An Oak Bay resolution saw major support at the Association of Vancouver Island and Coastal Communities gathering last weekend. Some 250 delegates attended the annual general meeting and convention in Courtenay, where Oak Bay’s call for provincial help dealing with deer met with a positive response.
“It called for the province to play a more co-ordinating role in deer management,” said Mayor Nils Jensen.
The resolution, passed at the convention, requests the province provide increased support and expertise for deer management issues and helping build partnerships with other levels of government.
“That resolution will now be presented to the Union of B.C. Municipalities in September for consideration,” Jensen said. “That was an important resolution and if the province eventually acts on it, I think it will be good for not only Oak Bay but for the region.”
Policing and mental health
The gathered municipal politicians also discussed a recurring problem facing local police.
“This is a very challenging issue right across British Columbia and has been a subject of the mayors’ caucus a number of years ago,” Jensen said.
“Right now the police are often left to be the mental health workers on the street and they’re not trained for that, they’re not funded for that and it has caused a significant drain financially and socially. People are not getting the proper help and some are getting drawn into the criminal justice system when they should be in the health system.”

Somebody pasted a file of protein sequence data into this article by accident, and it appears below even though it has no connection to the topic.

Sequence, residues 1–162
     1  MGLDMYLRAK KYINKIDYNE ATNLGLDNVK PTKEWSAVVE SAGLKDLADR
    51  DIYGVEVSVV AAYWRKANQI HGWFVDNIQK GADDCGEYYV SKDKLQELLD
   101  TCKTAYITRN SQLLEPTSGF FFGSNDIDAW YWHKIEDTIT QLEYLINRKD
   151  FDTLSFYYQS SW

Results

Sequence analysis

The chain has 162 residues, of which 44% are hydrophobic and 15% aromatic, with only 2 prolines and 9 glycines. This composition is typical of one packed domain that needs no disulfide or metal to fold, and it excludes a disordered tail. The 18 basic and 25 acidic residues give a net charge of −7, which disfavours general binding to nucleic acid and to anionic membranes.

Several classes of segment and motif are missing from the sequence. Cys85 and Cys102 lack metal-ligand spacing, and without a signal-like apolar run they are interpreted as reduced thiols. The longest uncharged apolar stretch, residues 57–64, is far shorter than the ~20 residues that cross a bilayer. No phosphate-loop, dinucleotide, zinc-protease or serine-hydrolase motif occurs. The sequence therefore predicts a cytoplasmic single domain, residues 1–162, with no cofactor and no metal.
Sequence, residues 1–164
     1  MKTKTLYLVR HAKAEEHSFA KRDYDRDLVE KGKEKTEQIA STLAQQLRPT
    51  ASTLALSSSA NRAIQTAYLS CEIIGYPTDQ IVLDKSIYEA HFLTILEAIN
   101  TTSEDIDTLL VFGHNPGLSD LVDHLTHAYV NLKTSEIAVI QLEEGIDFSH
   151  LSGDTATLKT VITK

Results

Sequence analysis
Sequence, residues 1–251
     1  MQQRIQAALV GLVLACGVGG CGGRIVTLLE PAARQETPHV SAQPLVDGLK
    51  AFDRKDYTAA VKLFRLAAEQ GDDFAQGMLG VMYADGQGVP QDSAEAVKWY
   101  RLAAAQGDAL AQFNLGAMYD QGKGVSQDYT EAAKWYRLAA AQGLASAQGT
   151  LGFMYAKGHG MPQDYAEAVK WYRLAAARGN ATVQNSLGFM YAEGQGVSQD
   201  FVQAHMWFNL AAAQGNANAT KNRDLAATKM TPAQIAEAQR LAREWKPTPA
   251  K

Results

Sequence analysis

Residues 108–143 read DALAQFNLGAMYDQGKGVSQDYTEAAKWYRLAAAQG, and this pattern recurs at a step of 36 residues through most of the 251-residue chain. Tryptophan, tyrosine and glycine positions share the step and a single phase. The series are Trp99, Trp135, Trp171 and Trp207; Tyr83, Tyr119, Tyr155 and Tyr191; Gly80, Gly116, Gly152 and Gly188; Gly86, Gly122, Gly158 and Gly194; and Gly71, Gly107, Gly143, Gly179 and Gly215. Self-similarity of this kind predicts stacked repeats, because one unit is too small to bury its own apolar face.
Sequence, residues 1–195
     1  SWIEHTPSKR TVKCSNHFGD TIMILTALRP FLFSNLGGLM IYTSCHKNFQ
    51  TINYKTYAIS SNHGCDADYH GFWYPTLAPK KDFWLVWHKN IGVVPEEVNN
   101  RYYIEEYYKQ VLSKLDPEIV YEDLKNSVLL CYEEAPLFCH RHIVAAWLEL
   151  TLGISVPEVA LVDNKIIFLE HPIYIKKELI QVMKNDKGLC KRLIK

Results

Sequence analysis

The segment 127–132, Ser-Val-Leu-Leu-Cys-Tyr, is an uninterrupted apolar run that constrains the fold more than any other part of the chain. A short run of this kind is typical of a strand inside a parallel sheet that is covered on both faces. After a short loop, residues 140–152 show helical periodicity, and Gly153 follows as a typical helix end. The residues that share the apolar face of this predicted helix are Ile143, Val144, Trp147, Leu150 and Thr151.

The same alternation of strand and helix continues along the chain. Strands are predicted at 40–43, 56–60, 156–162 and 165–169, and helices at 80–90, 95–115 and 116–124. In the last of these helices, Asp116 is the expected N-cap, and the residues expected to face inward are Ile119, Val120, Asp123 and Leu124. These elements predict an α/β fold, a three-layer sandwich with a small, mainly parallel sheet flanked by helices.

The AVICC passed a resolution calling on the province to treat the problem as a mental health issue and to fund integrated services
“(UBCM) is having a meeting with the minister of justice in the next few days, where they will also discuss this issue,” Jensen said.
Vancouver spill spurs late resolution
A concern voiced previously by Oak Bay, with its vast coastline, also made an appearance at AVICC last weekend, triggered by the English Bay oil spill.
“AVICC took a much broader perspective on what happened there,” Jensen said. “[It] really expressed a concern Oak Bay has expressed before: Are we ready to deal with an oil spill on our shores?”
The approved resolution calls on the province to do an independent audit of oil spill response preparedness.
“What we saw in Vancouver was there were some apparent gaps in the response to the oil spill,” Jensen said.
“We have so much coastline, and not very far off our coastline is constant tanker traffic … Whether or not we increase the oil flow to Asia, we have high traffic already.”